Pastor making a stand

Published 3:00 am Friday, January 8, 2016

The Rev. Jeff Byrd, rector of St. Mark’s Episcopal Church in Troy, is once again taking a stand on the issue of same sex marriages.

Byrd stood outside the Pike County Courthouse on Thursday morning holding a sign that read “One Christian for Marriage Equality.”

Bryd’s stand was in response to the administrative order issued Wednesday by Roy Moore, chief justice of Alabama’s Supreme Court, for the state’s probate judges not to issue marriage license to same-sex couple. Moore issued the order despite a decision by the U.S Supreme Court last year that legalized same-sex marriage in America.

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In issuing the order, Moore noted that the Supreme Court of Alabama upheld the state’s ban on same-sex marriage in March of 2015. Three months later, the U.S. Supreme Court ruled bans on same-sex marriages unconstitutional.

“Prior to the Judge Moore’s ruling on Wednesday, 13 counties in Alabama allowed same sex couples to exercise their civil rights to be married,” Byrd said.

Byrd said while there is disagreement on the issue of same sex marriages, many taxpaying individuals are not able to enjoy their civil rights.

“Right now, there is confusion and chaos in the legal system but lawsuits will ultimately put this issue to rest,” he said. “This is a political move on the part of Judge Moore and it is having a negative effect on human beings.”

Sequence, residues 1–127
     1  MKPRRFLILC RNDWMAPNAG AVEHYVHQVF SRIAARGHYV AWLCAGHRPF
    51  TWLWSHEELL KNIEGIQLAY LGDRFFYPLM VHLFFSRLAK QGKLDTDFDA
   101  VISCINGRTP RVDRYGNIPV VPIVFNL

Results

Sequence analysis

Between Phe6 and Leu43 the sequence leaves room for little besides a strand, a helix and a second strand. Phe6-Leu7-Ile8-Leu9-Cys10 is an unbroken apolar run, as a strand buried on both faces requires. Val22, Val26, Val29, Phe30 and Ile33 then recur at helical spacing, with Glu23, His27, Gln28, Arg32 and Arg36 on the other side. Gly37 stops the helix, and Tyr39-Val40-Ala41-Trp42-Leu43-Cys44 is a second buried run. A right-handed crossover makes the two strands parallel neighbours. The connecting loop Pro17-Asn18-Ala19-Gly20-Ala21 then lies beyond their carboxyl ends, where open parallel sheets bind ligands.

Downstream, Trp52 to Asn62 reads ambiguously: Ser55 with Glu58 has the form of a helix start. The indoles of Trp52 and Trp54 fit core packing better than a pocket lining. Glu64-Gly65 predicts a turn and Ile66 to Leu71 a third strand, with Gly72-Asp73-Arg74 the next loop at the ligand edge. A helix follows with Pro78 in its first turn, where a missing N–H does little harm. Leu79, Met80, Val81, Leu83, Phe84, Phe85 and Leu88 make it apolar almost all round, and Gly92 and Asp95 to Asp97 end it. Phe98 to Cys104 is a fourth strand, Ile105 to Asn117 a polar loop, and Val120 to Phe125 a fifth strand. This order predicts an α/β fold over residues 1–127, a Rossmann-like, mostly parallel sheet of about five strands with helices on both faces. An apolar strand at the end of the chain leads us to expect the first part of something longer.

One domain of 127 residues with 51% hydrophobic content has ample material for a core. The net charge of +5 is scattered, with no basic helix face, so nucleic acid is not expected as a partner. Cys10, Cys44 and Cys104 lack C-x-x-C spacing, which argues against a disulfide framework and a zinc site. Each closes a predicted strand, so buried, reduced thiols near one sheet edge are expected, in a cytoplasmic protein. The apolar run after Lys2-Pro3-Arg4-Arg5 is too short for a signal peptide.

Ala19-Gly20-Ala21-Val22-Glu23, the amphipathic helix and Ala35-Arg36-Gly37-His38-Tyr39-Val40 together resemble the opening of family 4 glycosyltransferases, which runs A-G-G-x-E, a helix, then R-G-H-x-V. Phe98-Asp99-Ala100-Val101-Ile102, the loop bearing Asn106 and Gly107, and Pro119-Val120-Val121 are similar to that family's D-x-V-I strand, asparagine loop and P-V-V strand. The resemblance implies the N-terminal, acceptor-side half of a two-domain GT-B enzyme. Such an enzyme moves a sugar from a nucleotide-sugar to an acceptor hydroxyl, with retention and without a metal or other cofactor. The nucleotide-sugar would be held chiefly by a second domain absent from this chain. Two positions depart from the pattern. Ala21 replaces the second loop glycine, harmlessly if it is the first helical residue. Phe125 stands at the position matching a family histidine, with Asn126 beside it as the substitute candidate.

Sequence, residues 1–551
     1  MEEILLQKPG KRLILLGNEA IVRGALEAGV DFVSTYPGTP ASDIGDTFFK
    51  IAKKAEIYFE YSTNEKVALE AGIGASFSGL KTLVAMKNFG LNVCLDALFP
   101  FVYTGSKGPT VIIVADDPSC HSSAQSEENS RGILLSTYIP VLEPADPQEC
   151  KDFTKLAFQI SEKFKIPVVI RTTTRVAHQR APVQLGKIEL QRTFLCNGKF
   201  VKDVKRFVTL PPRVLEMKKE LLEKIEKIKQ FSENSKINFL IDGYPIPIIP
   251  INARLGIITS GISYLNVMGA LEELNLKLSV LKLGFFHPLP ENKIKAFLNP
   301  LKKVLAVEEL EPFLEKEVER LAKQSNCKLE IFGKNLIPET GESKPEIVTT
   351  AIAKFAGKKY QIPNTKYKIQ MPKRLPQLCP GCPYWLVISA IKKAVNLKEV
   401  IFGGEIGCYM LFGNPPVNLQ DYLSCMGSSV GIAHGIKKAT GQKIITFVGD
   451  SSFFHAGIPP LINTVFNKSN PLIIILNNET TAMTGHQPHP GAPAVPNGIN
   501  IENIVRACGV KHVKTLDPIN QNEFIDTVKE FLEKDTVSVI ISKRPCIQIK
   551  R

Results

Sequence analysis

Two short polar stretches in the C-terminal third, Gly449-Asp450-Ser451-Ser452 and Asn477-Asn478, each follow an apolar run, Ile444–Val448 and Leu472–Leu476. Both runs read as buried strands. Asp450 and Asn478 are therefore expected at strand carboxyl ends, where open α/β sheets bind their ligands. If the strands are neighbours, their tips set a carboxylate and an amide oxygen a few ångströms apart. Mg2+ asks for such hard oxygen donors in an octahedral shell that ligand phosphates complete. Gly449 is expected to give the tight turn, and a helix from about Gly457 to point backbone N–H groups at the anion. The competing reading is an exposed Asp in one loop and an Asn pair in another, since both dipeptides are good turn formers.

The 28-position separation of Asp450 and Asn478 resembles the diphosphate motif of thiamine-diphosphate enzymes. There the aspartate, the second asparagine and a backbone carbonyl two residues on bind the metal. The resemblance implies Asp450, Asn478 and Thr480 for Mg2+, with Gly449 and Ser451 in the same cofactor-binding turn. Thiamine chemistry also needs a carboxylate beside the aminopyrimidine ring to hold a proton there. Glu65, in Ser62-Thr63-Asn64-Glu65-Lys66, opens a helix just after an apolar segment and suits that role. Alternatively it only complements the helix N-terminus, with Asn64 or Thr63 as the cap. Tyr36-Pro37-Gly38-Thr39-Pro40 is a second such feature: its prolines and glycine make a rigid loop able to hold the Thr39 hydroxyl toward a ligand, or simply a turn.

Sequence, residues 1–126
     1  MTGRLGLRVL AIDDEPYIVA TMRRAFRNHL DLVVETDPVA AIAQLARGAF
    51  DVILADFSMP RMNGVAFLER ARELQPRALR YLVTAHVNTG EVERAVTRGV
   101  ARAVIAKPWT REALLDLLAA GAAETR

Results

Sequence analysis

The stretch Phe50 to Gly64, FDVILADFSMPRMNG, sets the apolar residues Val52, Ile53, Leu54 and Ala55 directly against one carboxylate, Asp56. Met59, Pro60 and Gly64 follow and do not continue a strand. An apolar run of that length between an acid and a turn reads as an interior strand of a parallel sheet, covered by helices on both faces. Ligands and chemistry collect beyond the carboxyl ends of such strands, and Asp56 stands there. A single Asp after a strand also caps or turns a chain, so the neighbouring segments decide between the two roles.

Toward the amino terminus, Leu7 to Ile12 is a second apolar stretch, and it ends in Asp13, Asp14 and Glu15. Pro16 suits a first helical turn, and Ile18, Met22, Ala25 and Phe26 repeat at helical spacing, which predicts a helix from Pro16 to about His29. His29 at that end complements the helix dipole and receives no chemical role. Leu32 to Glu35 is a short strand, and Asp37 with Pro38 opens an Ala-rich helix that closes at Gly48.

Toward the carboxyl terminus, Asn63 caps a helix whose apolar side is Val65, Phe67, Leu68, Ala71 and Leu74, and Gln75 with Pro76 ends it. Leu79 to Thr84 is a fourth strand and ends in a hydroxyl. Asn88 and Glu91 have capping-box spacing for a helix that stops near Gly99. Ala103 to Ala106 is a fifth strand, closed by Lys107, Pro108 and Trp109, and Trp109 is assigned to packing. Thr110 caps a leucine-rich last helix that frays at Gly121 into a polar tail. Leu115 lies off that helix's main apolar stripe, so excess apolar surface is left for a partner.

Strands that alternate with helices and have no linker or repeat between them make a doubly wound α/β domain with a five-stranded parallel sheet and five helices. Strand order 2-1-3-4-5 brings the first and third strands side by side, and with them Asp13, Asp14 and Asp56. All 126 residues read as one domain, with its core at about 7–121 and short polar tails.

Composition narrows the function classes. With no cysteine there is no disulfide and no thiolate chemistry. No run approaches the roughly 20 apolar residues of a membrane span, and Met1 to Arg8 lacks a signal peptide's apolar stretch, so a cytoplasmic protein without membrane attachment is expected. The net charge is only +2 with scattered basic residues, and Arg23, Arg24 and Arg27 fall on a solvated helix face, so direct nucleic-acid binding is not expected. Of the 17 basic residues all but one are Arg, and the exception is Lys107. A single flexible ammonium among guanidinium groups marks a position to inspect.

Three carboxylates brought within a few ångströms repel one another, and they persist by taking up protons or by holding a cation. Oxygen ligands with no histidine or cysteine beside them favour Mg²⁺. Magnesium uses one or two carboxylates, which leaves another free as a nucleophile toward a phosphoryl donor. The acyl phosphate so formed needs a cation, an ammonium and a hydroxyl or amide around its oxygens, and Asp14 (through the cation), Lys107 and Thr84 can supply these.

Byrd said he cannot sit back and not stand up for the civil rights of all people.

“Judge Moore’s order is a violation for the civil rights of those who desire a civil marriage ceremony,” he said. “As a member of the faith community, I must stand up against civil rights violations. This issue of same sex marriages is a done deal. The Supreme Court made its ruling. It is the law. The civil rights of those who want to participate in same sex marriages must be protected.”

The response to Byrd’s stand Wednesday for marriage equality varied.

“Some people ignored me. Some pretended they couldn’t read the sign,” Byrd said. “Some disrespected me and others thanked me for taking a public stand. There were no physical threats but there was some verbal intimidation but I was not frightened. I am confident that what I am doing as the right thing.”

Byrd said same sex marriages are no longer an issue in the Episcopal Church.

“The Episcopal Church has a long tradition of fighting for the civil rights of all people,” he said. “The biblical injunction is that we are to love our neighbors whoever they might be.”

However, Byrd said that same sex couples wishing to marry at St. Mark’s will have to adhere to the same requirement as those established for traditional marriages.

“One of the individuals must be a baptized Christian and one must worship in our church,” Byrd said. “And, they must be counseled by the church.”

Byrd said, as a member of the Christian community and as one who cares about others, he is bound to stand up for those who are suffering in silence.

“And there are many in the gay and lesbian communities who are suffering in silence and whose civil rights are being violated,” he said. “That is morally wrong and legally wrong. These people should be allowed to be who they are. But too often their churches are not supporting them and their families are keeping them in secret. I believe in civil rights for everyone. And, this, too, will pass. It’s the law.”